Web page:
I've seen links to Amazon, ISFDB, Wikipedia, author's websites and publisher's websites. Is there a community preference or convention for linking to books?

3 Answers 3


I recommend linking to Wikipedia if there's an article, since all the useful information tends to be there: basic bibliographic details, plot summaries, cultural relevance, link to the author's biography, links to vendors, …

For written SF (excluding comics) in English, just about any book or story is referenced in the Internet Speculative Fiction Database (ISFDB). ISFDB has detailed bibliographic information and links to Wikipedia when they exist. I recommend using ISFDB when there is no Wikipedia article or when discussion publications (especially for short stories).

If the author has a web site, that's a good alternative to ISFDB.

If there's no ISFDB entry (for example because it's a comic book), you can link to Wikipedia's book source facility: http://en.wikipedia.org/wiki/Special:BookSources/0123456789.

Some people link to Amazon, which is automatically turned into a Stack Exchange, Inc. affiliate link. I don't like to favor any particular vendor, so I won't do it and encourage others not to.

  • 2
    One advantage that Amazon has is that you can "search inside" many books. This generally means that you can read any quoted material in context, without having to own a copy of the book. (This is the only reason that I use Amazon links here).
    – Tony Meyer
    Mar 10, 2011 at 22:14
  • @Tony: That's a good point. Is Amazon the best for searches in SF books? I've never tried Google Books for recent, non-technical books.
    – user56
    Mar 10, 2011 at 22:21
  • I honestly don't know. The Google Books in-book searching is more limited than Amazon in my experience (although you can link to a page with the quote, which beats Amazon). The B&N version requires Flash, which I don't have installed, so I've never tried it. I don't know if anyone else offers this functionality with a large library.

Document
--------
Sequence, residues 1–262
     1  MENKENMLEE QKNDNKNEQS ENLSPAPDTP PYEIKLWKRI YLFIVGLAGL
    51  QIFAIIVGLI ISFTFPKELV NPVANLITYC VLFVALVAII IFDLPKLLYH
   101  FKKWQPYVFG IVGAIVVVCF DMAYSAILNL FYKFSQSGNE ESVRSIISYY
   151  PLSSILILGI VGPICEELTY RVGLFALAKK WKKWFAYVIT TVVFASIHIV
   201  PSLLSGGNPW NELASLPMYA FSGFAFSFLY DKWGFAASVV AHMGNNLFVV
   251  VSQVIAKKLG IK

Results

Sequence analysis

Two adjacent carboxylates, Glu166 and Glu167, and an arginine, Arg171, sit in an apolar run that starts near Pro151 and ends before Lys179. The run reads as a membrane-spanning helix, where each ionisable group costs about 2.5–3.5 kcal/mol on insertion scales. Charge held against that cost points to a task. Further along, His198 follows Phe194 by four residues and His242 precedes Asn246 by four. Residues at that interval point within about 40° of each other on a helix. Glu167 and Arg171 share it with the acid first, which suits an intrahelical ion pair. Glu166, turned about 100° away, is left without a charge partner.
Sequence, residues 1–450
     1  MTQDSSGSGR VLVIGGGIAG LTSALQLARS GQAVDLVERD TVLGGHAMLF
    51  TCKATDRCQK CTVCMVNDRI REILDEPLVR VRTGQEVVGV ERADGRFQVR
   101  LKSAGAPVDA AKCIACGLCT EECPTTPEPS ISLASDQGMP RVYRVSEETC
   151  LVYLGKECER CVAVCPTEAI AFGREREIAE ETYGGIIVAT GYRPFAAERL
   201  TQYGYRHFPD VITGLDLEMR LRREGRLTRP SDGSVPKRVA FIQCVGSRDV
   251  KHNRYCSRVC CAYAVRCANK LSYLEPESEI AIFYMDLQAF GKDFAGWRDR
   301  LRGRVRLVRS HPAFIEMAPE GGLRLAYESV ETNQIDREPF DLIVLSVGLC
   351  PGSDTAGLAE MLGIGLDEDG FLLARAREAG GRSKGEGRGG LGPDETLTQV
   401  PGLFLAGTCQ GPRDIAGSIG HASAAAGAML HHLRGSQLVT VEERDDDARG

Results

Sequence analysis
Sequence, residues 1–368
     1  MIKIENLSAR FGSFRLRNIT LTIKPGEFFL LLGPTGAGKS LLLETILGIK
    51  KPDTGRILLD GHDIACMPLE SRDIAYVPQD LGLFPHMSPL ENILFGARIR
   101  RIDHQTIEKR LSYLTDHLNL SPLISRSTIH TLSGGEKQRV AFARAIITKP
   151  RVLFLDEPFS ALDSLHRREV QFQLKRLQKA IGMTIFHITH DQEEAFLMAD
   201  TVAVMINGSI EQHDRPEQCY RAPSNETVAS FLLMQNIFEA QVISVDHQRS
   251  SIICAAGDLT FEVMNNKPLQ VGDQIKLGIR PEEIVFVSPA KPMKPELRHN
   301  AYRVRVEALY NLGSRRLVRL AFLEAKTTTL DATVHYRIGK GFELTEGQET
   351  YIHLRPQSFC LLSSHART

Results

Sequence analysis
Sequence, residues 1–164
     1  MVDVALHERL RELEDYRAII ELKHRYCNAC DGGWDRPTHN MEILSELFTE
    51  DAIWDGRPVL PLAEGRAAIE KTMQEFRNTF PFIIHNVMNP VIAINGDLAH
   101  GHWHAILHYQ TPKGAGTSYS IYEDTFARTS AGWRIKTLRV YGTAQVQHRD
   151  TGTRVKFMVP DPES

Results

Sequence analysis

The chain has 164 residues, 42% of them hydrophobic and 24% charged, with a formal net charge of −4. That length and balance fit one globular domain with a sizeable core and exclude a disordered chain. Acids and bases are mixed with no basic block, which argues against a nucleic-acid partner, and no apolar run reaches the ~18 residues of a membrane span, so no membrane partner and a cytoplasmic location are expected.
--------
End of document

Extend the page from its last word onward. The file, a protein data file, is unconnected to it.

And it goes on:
– Tony Meyer
    Mar 13, 2011 at 4:09

I like to use LibraryThing, because it lists all editions of a book, not just the currently-available one (like on Amazon). It includes reviews and descriptions like Wikipedia, though sometimes they're harder to find. It's also not trying to sell you anything, which I think is a point in its favor.

  • Bibliography-wise, how complete is LibraryThing, compared with ISFDB (within ISFDB's scope, of course)? LibraryThing is selling something, just not books (they charge you for filling their database!).
    – user56
    Mar 13, 2011 at 15:55
  • @Gilles, a basic account is free. The limitation is that a free account's library can contain only up to 200 books. As far as bibliography, there are fields for pretty much everything you could possibly think of, plus some more. Whether they're already filled out for a particular book/work is a different matter.
    – Martha
    Mar 13, 2011 at 16:23
  • Sorry this hasnt anything to do with your answer Martha i just wanted to say thank you for defending me during my exile, i dont know how to chat so this is the best i cand do May 29, 2014 at 1:30

I think it would depend on the context. If you're linking to information contained in the book, Wikipedia frequently has that information. If someone is looking for an answer to story identification, Amazon would be appropriate, as they'd probably want to purchase it.

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